“The artificial intelligence candidate... outperformed three radiologists who passed only one mock examination (the artificial intelligence candidate passed two). Nevertheless, the artificial intelligence candidate would still need further training to achieve the same level of performance and skill of an average recently FRCR qualified radiologist, particularly in the identification of subtle musculoskeletal abnormalities.”

The abilities of an AI radiology program remain brittle, unable to extend outside their training set, and as evidenced by this testing, not ready for independent work. All of this speaks to a point Dr. Hinton made in a less hyperbolic moment.

“[AI in the future is] going to know a lot about what you’re probably going to want to do and how to do it, and it’s going to be very helpful. But it’s not going to replace you.”

Here's the kicker according to Dinerstein:

We would serve our purposes better by seeing AI diagnostics as a part of our workflow, a second set of eyes on the problem, or in this case, an image. Interestingly, in this study, the researchers asked the radiologists how they thought the AI program would do; they overestimated AI, expecting it to do better than humans in 3 examinations. That suggests a bit of bias, unconscious or not, to trust the AI over themselves. Hopefully, experience and identifying the weakness of AI radiology will hone that expectation.

Like any human expert, AI has limitations. Identifying and knowing what those limitations are will be key to determining how trustworthy they are. In the case of health care, as the example from radiology makes clear, it could be your health that's on the line if you blindly put more trust into a system than it deserves.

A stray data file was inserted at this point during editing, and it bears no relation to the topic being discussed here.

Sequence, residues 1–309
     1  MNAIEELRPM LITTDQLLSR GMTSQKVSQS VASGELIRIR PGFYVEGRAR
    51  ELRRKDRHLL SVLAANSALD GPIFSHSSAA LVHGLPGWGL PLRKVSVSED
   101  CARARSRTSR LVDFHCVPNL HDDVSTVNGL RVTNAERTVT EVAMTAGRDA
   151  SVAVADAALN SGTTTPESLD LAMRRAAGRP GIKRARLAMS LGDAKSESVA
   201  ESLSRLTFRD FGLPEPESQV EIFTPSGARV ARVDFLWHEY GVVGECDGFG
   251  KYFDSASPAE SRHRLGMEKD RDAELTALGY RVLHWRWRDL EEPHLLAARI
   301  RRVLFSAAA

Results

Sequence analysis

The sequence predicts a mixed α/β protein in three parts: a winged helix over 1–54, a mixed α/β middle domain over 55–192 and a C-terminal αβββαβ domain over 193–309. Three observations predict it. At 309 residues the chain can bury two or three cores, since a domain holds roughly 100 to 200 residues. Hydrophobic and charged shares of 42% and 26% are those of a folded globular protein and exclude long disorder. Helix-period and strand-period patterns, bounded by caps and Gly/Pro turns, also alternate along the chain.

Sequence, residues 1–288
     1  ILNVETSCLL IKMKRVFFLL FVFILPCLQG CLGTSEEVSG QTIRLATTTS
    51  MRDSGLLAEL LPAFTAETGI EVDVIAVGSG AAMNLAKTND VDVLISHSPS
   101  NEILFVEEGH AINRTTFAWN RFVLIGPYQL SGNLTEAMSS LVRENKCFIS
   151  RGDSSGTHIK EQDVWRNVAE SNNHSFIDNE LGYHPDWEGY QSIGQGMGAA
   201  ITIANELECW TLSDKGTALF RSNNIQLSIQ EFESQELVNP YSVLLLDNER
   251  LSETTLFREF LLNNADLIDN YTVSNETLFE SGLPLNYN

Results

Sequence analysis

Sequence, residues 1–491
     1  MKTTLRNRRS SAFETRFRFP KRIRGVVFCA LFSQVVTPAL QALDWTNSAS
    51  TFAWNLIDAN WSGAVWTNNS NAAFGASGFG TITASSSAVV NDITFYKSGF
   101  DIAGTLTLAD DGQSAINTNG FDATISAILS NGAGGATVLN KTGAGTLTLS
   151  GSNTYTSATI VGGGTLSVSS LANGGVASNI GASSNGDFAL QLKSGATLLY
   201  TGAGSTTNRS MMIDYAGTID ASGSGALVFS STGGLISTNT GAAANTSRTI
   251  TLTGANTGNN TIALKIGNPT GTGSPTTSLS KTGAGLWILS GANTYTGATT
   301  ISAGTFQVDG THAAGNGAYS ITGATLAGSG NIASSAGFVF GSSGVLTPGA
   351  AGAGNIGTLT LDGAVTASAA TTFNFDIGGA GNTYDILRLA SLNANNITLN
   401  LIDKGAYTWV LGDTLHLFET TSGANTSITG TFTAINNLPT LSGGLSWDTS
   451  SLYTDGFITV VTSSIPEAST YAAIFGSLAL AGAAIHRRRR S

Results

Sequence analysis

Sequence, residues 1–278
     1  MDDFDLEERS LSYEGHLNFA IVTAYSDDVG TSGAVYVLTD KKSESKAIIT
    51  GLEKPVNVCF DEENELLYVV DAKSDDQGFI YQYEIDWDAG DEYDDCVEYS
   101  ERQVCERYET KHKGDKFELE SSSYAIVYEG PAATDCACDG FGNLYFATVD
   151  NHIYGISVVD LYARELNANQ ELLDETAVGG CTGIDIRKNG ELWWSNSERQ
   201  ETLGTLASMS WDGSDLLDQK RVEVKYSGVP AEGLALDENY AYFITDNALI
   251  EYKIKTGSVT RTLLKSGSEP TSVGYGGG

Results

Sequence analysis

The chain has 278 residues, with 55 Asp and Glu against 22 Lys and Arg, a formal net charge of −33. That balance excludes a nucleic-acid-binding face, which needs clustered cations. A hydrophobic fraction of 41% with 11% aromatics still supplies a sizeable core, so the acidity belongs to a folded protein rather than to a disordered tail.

Shelmerdine, S.C.; Martin, H.; Shirodkar, K.; Shamshuddin, S.; Weir-McCall, J.R. "Can artificial intelligence pass the Fellowship of the Royal College of Radiologists examination? Multi-reader diagnostic accuracy study." BMJ 2022; 379. DOI: 10.1136/bmj-2022-072826. (Published 21 December 2022).

* If you know your geography, you already knew every coast of Antartica is the north coast!...

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19 January 2023

Campbell's Condensed Tomato Soup is one of America's most iconic consumer products. First introduced to American consumers by Campbell Soup (NYSE: CPB) in 1898 after having been formulated by John Dorrance the year before, it now ranks as the company's second-most popular soup, selling 85 million cans each year.

That's quite an achievement for a 126 year old product. Campbell Soup sells 440 million cans of soup each year, so its sales of tomato soup represent over 19% of its sales. Only the company's Chicken Noodle soup, introduced in 1934, outsells it with annual sales of more than 250 million cans.

Political Calculations has tracked the price history of Campbell's Condensed Tomato Soup over the past 126 years because of its remarkable consistency as an identifiable product over time. In fact, if you had a time machine and could travel to nearly any point in time from January 1898 to the present, you could likely find a 10.75 ounce size (Number 1) can of Campbell's condensed tomato soup stocked for sale in American grocery stores.

That long-running consistency makes Campbell's Condensed Tomato Soup an ideal product to follow to understand how inflation has affected American consumers through its history. Today, we're updating our chart visualizing that history from January 1898 through January 2023.

For the latest in our coverage of Campbell's Tomato Soup prices, follow this link!

Campbell's Condensed Tomato Soup Unit Price per Can, January 1898 - January 2023 (Linear Scale)

In January 2023, we find the prevailing average sale price for this food product over the past 12 months is $1.23 per can. That figure has risen by over 29% from the trailing 12 month average of $0.95 per can we recorded in January 2022.